KM: This is an interesting question, and I’m not sure I have the answer. I will say that time is a zero-sum game. The time you devote to one pastime is time you can’t devote to another. Reading requires imagination and mental effort that aren’t necessary for video games. I would never recommend choosing games over books. However, we need to choose the right battles – and fighting against video games seems like a pointless endeavor. I’d rather find ways to bring the two forms of entertainment together and get kids engaged in both.
Jason, you're an accomplished script writer, penning hits such as The Muppets and Forgetting Sarah Marshall. What was it like transitioning to novel writing?
JS: Well I would not be capable of doing any of this without Kirsten Miller. While the essential storytelling is the same across both genres, Kirsten’s artistry with prose is what makes these books work. I’m very lucky to have met her.
When asked for the inspiration behind Otherworld, you've spoken about a mysterious game you once played a game as a teenager that was never released, but is now being reimagined for VR. Are you able to shed any more light on what this game was about?
JS: I am not, unfortunately. However, my belief is that this will become more and more clear as Otherworld gets into the hands of readers. We have tried to lay in as many clues into the series as possible.
You have described Otherworld as being, in part, a cautionary tale about the dangers of allowing technology to rule our lives. Did you find this a tricky balancing act, given your passion for gaming and interest in the arrival of virtual reality?
JS: I didn’t. I think we lay out the pros and cons of this, and any technology, pretty plainly in the book. Virtual reality can be used for many amazing things, but could also be used to sedate an entire population. It is not so different from the way we use television culturally. There is no other context in which “binge” is an acceptable term.
With the trailer for the Steven Spielberg-directed adaption of Ready Player One dropping a few months ago, I imagine many readers might draw comparisons between the novel and Otherworld.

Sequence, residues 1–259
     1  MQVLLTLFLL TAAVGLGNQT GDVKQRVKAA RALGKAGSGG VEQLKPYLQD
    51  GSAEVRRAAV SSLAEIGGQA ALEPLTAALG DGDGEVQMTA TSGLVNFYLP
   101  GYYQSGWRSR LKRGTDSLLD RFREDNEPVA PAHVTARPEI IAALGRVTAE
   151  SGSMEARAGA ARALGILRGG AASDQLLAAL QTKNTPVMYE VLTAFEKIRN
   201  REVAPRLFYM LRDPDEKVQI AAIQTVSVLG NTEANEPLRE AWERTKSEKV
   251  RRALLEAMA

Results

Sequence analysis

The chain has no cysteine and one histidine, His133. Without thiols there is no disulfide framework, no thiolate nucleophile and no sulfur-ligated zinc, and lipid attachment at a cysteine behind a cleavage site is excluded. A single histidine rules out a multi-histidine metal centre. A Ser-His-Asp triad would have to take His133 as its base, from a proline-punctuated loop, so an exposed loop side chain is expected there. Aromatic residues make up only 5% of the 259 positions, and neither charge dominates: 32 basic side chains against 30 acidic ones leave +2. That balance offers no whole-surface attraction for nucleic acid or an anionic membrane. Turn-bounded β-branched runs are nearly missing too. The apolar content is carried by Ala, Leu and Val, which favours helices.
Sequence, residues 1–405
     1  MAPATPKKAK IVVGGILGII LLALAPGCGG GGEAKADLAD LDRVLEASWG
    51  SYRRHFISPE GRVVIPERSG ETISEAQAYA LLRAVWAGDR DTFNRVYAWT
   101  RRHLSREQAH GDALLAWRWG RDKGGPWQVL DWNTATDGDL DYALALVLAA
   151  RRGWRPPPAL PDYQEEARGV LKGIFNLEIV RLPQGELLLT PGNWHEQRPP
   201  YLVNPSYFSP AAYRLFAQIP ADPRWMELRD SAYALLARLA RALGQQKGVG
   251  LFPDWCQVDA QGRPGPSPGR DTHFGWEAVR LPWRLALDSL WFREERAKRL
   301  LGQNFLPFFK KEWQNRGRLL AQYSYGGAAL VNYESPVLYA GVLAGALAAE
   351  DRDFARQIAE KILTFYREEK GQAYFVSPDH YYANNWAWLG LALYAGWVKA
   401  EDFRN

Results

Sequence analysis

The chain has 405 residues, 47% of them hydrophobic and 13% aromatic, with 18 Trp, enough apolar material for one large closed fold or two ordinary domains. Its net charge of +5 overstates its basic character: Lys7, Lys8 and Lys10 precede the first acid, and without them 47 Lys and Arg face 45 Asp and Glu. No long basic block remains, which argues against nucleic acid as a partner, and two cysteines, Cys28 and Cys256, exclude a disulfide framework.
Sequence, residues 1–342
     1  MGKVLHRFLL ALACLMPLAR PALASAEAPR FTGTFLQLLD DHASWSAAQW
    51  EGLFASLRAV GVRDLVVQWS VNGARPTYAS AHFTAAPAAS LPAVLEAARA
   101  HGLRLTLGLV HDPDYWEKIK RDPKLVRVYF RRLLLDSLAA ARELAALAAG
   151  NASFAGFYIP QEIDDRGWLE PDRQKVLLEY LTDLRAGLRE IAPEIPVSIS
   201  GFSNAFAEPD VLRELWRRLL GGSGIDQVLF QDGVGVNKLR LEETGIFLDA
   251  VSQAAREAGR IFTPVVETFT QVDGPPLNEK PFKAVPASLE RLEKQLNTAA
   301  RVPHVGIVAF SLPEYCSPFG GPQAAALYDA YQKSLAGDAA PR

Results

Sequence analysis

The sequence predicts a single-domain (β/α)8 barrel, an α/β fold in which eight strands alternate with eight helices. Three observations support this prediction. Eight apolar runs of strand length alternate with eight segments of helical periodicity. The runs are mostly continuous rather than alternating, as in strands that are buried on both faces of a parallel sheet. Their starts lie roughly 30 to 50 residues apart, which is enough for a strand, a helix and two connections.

Are you a fan of Ready Player One, and did it have any influence on the creation of Otherworld?
JS: I am very excited for Ready Player One. I haven’t read it yet intentionally as I was in the process of writing this idea but I really look forward to it!
Virtual reality is a relatively new phenomenon, with the first commercially available headsets arriving late last year.
But it's already made its way into popular culture, with the arrival of Marie Lu's Warcross, Ernest Cline's Ready Player One, the anime Sword Art Online, NBC's new TV Series, Reverie and the rise of a new, VR-inspired literary genre known as LitRPG.
Do you think this is just the beginning, or is the interest in VR a passing trend?
JS: I think we have been teased by the promise of virtual reality (VR) for decades. From the holodeck in Star Trek to the clunky demonstrations at state fairs when I was a kid. I think finally the technology has caught up with our imaginations.
I do think that VR and augmented reality (AR) are going to change the world. In the same way we can barely remember a world without iPhones, which are scarily only ten years old...
OTHERWORLD is out now and published by Rock the Boat. Discover more about Otherworld on social media, using the tag #visitOtherworld. You can also visit the new site: https://www.visitotherworld.com